Eliud Kipchoge wins the Berlin Marathon (© Getty Images)
In a stunning display of distance running, Olympic champion Eliud Kipchoge broke the world record* at the BMW Berlin Marathon on Sunday (16), winning the IAAF Gold Label road race in 2:01:39.
Compatriot Gladys Cherono, meanwhile, secured her third Berlin Marathon crown, smashing the course record. Her winning time of 2:18:11 moves her to fourth on the world all-time list.
From the early stages of the men's race, 33-year-old Kipchoge had just a handful of pacemakers for company as they passed through five kilometres in 14:24 and 10 kilometres in 29:01.
Wilson Kipsang, winner of the 2013 Berlin Marathon in a then world record of 2:03:23, led the chase trio with fellow Kenyan Amos Kipruto and Ethiopia's Abera Kuma close behind. They passed five kilometres in 14:33 before Kipsang edged ahead a few kilometres later, passing 10 kilometres in 29:12.
But shortly after 15 kilometres, which was reached in 43:38, two of Kipchoge's three pacemakers were unable to continue and withdrew from the race. The final pacemaker, Josphat Boit, led Kipchoge through the half-way point in 1:01:06 before dropping out at 25 kilometres, covered in 1:12:24.
Kipsang and Kipruto reached the half way point in 1:02:07, more than a minute adrift of Kipchoge. Abera was starting to struggle and was a further 18 seconds behind the chasing duo at half way and eventually pulled out.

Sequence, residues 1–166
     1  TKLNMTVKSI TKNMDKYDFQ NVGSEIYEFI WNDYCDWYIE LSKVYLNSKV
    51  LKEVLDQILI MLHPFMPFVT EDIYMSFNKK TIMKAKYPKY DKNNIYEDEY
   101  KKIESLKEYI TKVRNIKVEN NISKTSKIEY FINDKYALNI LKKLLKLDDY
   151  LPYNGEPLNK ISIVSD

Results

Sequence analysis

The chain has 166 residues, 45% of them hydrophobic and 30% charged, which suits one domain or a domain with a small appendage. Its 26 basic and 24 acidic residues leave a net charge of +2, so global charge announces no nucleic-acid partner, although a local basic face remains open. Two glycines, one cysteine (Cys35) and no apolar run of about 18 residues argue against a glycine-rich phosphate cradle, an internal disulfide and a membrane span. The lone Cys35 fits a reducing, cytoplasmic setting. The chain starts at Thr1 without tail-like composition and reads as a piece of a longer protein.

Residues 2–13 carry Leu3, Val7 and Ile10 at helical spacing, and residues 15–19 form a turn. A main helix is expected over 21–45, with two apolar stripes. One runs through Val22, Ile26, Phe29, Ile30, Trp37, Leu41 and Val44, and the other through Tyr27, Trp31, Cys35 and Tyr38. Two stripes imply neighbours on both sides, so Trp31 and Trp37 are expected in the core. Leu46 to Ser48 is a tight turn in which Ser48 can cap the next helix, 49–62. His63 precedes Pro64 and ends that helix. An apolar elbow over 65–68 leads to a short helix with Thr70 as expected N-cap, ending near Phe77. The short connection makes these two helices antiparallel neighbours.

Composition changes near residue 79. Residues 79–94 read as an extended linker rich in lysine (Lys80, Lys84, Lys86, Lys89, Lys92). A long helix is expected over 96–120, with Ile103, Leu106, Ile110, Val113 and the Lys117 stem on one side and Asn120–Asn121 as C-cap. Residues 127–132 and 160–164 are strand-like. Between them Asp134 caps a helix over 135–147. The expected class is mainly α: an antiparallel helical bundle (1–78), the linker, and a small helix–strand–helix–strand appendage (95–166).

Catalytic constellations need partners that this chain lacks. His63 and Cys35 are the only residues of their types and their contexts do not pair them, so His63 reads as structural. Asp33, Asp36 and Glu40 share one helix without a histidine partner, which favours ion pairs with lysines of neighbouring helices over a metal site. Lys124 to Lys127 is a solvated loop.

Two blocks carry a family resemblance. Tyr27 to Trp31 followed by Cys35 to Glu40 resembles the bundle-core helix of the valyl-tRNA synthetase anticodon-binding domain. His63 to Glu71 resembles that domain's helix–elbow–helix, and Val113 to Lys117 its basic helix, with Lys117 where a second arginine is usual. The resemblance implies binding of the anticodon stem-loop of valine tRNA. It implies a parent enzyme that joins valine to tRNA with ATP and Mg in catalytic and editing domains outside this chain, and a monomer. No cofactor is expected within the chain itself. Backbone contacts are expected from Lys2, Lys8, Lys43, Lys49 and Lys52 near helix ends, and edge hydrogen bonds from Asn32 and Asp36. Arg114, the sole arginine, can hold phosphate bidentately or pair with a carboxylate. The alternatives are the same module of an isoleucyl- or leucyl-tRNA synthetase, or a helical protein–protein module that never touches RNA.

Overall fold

Running alone with 17 kilometres left, Kipchoge then sped up.
Although 30 kilometres is no longer an official world record event, Kipchoge's 1:26:45 split at that checkpoint is the fastest time ever recorded for the distance.
He then passed the 35-kilometre checkpoint just a shade outside 1:41:00, suggesting a finishing time inside 2:02 was possible. By 40 kilometres, reached in 1:55:32, a world record looked a certainty.
Further behind, Kipruto had shaken off the challenge of Kipsang and was clear in second place. He trailed Kipchoge by nearly two minutes at 30km and the gap had almost doubled to three minutes and 42 seconds by 40 kilometres.
Kipchoge maintained his form well in the closing stages and crossed the finish line in 2:01:39, taking one minute and 18 seconds off the previous world record set four years ago by Dennis Kimetto and having covered the second half of the race in 1:00:33.
It is the largest single improvement on the marathon world record since Derek Clayton improved the mark by two minutes and 23 seconds in 1967.
"I lack the words to describe how I feel," said Kipchoge, who won in Berlin in 2015 and 2017. "It was really hard [during the last 17 kilometres] but I was truly prepared to run my own race. I had to focus on the work I had put in in Kenya and that is what helped push me.
"It was my aim to smash the world record and I felt confident before the race," he added. "I’ve now run 2:04, 2:03 and now 2:01. Who knows what the future will bring?
"I’m really grateful to my coaching team, my management, the organisation. I’ll definitely return to Berlin. Berlin for me is eternal."
Kipruto finished a distant second in 2:06:23 while Kipsang held on for third place in 2:06:48.
Having held off the early fast pace, Japan's Shogo Nakamura was rewarded with a PB of 2:08:16 in fourth place. World half marathon record-holder Zersenay Tadese of Eritrea also took a couple of minutes off his lifetime best, clocking 2:08:46 for fifth place.